General Article

Hepatitis – All You Need to Know

Hepatitis – All You Need to Know

Hepatitis is an inflammation of the liver usually caused by a virus, but can also be caused by bacteria, alcohol, or chemical poisoning. There are 3 major types of hepatitis A, B,and C and it can spread from person to person whether or not there are signs of the disease, and even after the signs disappear.

There are different stories about the common causes of Hepatitis A. However the most common cause of Hepatitis A is caused by the hepatitis A virus (H.A.V.) and usually affects the human liver. It is usually more serious in older persons and pregnant women but mild in small children.

Hepatitis B is more serious and can lead to permanent scarring of the liver (cirrhosis), liver cancer, and even death. Hepatitis C is also very dangerous and can lead to permanent liver infections. It is a major cause of death for people with HIV/AIDS.


Hepatitis A is spread through food and water contaminated by the feces (poop) of people infected with the hepatitis A virus. It is also transmitted through close personal contact with an infected person.

The most vulnerable people to contact Hepatitis A include international travelers to areas that have substandard drinking water, workers in day care centers and long-term care facilities such as nursing homes.

This virus is able to survive the body’s highly acidic digestive tract and at room temperature it can live for more than a week.


Hepatitis A has an incubation period of between 15- 50 days, but averages 28 days. The symptoms of Hepatitis A infection includes the following fever, exhaustion, loss of appetite, nausea and abdominal discomfort, dark urine and jaundice (yellowing of the skin and eyes).


Prevention they say is cheaper than cure. However, it might interest you to know that Hepatitis A resolves completely on its own.

In order to prevent transmission of hepatitis A virus, you must indulge in basic cleaning tips such as washing your hands thoroughly, especially after using the toilet or changing diapers.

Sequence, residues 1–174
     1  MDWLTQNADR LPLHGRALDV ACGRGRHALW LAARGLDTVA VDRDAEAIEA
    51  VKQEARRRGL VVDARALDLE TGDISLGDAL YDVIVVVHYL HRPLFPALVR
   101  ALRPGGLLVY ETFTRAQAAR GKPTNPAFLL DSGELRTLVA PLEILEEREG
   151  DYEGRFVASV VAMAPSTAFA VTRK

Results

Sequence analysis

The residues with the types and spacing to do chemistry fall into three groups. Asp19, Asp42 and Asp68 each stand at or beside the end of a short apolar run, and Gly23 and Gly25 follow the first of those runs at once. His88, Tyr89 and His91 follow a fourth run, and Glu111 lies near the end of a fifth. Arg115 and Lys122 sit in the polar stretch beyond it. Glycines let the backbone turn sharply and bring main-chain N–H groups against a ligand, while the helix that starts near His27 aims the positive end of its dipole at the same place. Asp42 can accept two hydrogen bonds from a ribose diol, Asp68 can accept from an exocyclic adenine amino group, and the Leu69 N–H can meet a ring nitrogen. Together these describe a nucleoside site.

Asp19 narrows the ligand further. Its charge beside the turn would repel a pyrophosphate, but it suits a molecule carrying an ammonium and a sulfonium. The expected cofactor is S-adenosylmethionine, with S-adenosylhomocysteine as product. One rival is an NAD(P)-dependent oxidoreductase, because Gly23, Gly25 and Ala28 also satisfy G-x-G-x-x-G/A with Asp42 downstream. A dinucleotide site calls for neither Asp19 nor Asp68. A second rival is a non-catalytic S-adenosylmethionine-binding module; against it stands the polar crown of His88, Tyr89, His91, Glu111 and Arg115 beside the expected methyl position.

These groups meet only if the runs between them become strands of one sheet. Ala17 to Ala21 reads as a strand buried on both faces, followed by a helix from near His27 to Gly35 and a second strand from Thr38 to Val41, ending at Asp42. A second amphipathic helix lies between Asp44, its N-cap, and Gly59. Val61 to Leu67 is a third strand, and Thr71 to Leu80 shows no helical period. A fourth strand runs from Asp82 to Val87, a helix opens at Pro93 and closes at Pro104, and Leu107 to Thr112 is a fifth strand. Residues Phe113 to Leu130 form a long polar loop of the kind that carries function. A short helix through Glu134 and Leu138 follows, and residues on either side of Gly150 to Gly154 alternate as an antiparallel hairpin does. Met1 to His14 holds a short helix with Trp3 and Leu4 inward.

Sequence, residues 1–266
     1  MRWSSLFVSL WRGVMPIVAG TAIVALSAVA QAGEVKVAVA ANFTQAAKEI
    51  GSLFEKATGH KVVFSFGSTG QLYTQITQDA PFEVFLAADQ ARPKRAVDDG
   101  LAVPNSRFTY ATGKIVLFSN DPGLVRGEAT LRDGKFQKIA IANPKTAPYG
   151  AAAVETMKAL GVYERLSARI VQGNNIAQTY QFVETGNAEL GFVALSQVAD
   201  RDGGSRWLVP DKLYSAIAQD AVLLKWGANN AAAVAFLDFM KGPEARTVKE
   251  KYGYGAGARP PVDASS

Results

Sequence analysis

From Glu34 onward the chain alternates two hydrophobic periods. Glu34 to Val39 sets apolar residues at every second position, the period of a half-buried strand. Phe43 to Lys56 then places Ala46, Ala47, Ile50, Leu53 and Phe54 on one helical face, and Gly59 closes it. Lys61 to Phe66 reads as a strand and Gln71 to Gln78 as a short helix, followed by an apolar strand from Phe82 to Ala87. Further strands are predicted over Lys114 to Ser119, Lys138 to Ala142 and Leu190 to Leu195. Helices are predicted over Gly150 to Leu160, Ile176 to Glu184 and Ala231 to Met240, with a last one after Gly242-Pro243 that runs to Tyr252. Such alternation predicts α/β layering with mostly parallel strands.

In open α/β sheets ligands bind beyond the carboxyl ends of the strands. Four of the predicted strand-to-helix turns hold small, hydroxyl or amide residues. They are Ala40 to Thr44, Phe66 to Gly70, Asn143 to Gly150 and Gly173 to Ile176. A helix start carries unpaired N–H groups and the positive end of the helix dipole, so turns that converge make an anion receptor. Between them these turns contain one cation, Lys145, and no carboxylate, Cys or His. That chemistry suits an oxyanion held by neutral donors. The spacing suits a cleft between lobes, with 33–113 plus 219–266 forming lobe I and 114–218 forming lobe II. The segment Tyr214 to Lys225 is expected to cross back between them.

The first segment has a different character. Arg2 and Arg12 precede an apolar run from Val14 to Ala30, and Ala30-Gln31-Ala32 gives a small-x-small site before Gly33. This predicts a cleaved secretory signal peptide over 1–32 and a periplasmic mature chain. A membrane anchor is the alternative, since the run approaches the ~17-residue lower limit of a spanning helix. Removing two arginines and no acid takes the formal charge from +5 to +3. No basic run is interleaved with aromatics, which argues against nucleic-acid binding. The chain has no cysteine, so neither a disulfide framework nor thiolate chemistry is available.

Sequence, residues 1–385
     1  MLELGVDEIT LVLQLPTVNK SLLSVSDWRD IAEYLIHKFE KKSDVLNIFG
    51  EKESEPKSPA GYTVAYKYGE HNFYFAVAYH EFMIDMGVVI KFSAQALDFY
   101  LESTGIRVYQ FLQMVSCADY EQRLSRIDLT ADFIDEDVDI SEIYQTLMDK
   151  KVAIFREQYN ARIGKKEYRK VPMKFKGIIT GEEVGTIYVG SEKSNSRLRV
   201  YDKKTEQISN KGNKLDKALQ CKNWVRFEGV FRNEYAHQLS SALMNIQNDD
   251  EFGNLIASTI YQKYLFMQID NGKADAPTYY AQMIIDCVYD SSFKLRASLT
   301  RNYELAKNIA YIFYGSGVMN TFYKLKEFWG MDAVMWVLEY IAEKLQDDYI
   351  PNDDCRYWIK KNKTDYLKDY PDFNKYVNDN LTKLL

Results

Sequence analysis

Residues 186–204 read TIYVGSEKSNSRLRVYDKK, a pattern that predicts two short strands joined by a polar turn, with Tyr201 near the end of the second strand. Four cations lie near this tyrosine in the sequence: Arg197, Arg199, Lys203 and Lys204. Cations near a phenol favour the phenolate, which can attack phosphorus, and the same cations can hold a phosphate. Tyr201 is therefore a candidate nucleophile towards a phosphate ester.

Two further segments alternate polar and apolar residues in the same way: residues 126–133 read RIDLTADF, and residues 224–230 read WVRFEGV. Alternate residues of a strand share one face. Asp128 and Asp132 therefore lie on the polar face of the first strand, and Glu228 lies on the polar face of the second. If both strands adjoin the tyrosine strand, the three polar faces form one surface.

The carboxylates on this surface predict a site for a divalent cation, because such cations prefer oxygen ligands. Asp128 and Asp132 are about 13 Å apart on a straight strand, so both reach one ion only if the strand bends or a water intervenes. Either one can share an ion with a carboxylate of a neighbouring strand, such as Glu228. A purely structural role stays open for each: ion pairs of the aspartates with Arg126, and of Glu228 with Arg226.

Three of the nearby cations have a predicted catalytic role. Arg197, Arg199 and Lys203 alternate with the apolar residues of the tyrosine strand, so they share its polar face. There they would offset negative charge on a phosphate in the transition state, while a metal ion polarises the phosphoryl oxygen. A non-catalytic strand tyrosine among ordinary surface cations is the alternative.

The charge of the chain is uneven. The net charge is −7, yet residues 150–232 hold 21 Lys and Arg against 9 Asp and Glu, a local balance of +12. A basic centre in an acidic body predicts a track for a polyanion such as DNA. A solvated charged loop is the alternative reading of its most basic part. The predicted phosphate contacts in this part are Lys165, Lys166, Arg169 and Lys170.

Any spilled blood or body fluids should be cleaned with a 10:1 bleach solution (10 parts water to 1 part bleach) and endeavour to wear gloves when touching blood, body secretions, or any cuts or sores.

People with active hepatitis A virus should avoid preparing food for others and you should desist from sharing razors, toothbrushes, or needles.


Because hepatitis A typically resolves on its own, there is no standard treatment for hepatitis A Virus.

It should be noted that antibiotics do not work against hepatitis. In fact some medicines will cause added damage to the sick liver. Do not use medicines.

The infected person should rest and drink lots of liquids. If he refuses most food, give him orange juice, papaya, and other fruit plus broth or vegetable soup. It may help to take vitamins.

If the sick person can eat, give a balanced meal. Vegetables and fruit are good with some protein however do not give a lot of protein (meat, eggs, fish, etc.) because this makes the damaged liver work too hard.

However, if a person has been exposed to hepatitis A Virus, an injection of hepatitis A Virus immune globulin (antibodies) given within 14 days of exposure may prevent the development of illness or lessen the severity of symptoms.

There have been no serious adverse reactions attributed to the hepatitis A Virus vaccine. Common side effects may include soreness/tenderness at injection site, headache and malaise.

The vaccine is recommended for anyone at risk of exposure to hepatitis A Virus.